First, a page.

Monday July 9, 2012
But Then Again by MARY SCHNEIDER
How much would you pay for something that once belonged to a celebrity? Toenails and all.
WAY back in 1996, an auction of the late Jackie Kennedy Onassis’ possessions attracted hoards of fans eager to buy a piece of celebrity. At the end of the three-day event, which was expected to fetch about US$4mil (RM12mil) in total, bidders had parted with a whopping US$34.5mil (RM103.5mil). It was obvious that many people were willing to pay insane amounts of money to be able to own something that belonged to either Jackie or her late husband, John F. Kennedy.
For example, Jackie’s engraved sterling silver tape measure, which had been valued at US$500 – US$700 (RM1,500 – RM2,100), was sold to Manhattan interior designer Juan Molyneux for US$48,875 (RM146,625). It seems to me that some folks get paid too much money for arranging cushions on a sofa.
The purchase also makes me wonder what Juan was smoking at the time. Did he think that some of his clients would stop him as he measured their windows for curtains and say, “Oh, my God! Tell me it’s not so? Tell me, that’s not Jackie Kennedy’s tape measure? Wait till I tell my friends that the same tape measure that was used in the White House touched my bay windows.”
To give him credit, Juan did say afterwards, “When I bought the tape measure, the first thing I measured was my sanity.”
Perhaps the second thing to be measured was the size of his dwindling bank account.
Of course, many others have also been persuaded to buy celebrity memorabilia for huge amounts of money. For example, in 1983, a jar of Elvis Presley’s hair was sold for US$115,000 (RM345,000).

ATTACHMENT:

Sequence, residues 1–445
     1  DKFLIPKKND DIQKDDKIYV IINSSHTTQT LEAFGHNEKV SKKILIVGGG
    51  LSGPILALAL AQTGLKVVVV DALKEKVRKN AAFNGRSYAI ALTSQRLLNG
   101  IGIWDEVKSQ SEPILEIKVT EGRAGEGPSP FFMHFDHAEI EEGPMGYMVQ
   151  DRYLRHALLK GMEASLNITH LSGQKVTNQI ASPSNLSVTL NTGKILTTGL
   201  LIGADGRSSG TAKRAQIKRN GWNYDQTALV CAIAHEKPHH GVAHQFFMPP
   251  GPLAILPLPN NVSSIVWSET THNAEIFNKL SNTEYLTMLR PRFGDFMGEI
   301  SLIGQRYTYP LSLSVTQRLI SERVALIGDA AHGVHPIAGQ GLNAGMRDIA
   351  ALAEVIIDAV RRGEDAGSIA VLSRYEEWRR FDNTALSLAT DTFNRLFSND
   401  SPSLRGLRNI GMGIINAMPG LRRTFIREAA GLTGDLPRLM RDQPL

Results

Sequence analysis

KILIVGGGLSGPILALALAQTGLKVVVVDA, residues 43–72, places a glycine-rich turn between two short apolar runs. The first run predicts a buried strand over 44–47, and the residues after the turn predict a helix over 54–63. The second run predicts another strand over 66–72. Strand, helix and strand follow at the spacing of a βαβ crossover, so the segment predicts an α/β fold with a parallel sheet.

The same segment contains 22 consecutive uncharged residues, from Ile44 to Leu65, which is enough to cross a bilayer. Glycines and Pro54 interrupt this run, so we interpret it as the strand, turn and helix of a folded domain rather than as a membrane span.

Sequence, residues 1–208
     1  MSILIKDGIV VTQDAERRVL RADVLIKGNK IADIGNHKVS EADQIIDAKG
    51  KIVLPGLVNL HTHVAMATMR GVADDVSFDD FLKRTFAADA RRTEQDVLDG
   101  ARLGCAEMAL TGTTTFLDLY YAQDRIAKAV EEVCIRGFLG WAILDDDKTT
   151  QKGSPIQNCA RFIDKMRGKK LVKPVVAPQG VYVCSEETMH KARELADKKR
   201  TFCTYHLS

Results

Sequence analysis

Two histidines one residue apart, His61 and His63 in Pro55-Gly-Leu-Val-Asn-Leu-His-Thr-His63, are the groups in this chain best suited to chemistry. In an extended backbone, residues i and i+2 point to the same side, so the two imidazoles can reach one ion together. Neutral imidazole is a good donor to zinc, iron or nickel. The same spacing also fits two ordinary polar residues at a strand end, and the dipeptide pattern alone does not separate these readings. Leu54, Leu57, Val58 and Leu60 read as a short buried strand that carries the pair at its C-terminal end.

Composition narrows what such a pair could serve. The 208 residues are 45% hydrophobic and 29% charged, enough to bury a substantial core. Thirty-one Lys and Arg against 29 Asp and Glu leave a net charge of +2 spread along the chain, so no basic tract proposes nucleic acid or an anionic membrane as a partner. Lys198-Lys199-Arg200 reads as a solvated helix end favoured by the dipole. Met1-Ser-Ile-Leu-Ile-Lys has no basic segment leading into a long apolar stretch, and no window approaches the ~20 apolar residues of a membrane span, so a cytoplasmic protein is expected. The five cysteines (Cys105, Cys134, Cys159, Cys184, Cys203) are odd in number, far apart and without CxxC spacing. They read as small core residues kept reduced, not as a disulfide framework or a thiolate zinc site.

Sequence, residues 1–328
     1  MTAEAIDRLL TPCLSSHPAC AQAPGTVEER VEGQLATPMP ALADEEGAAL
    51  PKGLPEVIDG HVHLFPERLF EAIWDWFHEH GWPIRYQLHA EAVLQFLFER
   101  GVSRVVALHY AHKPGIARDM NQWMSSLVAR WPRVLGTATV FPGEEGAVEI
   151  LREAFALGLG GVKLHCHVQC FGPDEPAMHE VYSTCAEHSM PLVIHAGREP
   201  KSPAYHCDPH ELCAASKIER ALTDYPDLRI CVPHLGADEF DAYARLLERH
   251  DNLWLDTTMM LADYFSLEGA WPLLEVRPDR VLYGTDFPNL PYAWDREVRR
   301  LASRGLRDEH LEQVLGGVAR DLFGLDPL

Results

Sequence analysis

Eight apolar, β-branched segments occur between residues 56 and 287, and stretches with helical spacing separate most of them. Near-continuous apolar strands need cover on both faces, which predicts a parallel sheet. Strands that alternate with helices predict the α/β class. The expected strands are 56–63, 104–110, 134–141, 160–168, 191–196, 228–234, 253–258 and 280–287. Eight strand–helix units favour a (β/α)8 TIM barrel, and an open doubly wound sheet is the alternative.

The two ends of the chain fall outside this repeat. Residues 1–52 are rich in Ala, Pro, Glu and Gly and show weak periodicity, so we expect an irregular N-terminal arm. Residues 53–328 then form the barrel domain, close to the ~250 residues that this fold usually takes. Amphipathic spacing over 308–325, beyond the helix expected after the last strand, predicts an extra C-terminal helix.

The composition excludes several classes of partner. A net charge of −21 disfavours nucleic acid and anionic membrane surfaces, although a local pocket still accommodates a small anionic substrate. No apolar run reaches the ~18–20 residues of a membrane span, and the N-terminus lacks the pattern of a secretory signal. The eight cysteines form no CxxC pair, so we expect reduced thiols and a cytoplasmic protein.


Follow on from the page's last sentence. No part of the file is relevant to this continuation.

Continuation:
What is the point of that? Do you invite your friend’s for coffee and proudly show them the hairy jar next to the sugar bowl?
At least Jackie’s tape measure served a useful purpose.
Some people are so caught up in the nonsense, that is celebrity, that I could trim my toenails, stash the clippings in an old jam jar and tell everyone that they belonged to the late John Lennon, and I would be believed. I could also make my envy-inducing display jar sound even more attractive by filling it up with even more clippings and telling visitors that all four of the Beatles had contributed to it. Of course, I would have to remember to remove all traces of my nail polish first.
If you think that all those gnarly nail clippings would be the ultimate testimony to man’s ability to behave irrationally – think again! Someone supposedly caught Brad Pitt and Angelina Jolie’s breath in a jar as they walked along the red carpet. The jar was later sold for US$530 (RM1,590) on eBay. I’m not making this up.
How do you even get within breathing distance of such a high profile couple, close enough to stick a jar in front of them, without their security people grabbing you by the arm and tossing you into the outer hemisphere, jar and all?
And even assuming someone did catch the couple’s breath unnoticed, who’s going to authenticate it? And what bozo would part with any money for what in essence is nothing more than an empty jar? And what is such a person going to do with it?
Sure he can put it in a display cabinet, shine a halogen light on it, and show it to anyone who cares to visit. Assuming, of course, that such people have visitors in the first place. Or he might, in the privacy of his bedroom, lay back on his bed, slowly open the jar, bring it up to his face, and deeply inhale the exhaled breath of Hollywood’s golden couple.
It seems that more and more people are willing to part with exorbitant amounts of money to have a piece of a celebrity. It’s as if a lipstick-stained serviette, a half-eaten sandwich, or a jar containing a fart is all that is needed for such people to feel personally connected to their idols.
This obsession with celebrity goes beyond irrational – it’s downright creepy. It’s as if some of us have lost sight of the fact that celebrities are human, like the rest of us. After all, they breathe, cut their toenails, burp, measure things, and grow their hair, too. Buying someone’s nose hair doesn’t provide you with a direct line to their private persona. At the end of the day, a hair, is a hair, is a hair.
Of course, if you want to assign a value to something, you are free to do so. That being the case, I’ve got some earwax that is purported to have been dug out of Abraham Lincoln’s ears as he slept.
At five million ringgit, it’s a snip of a price.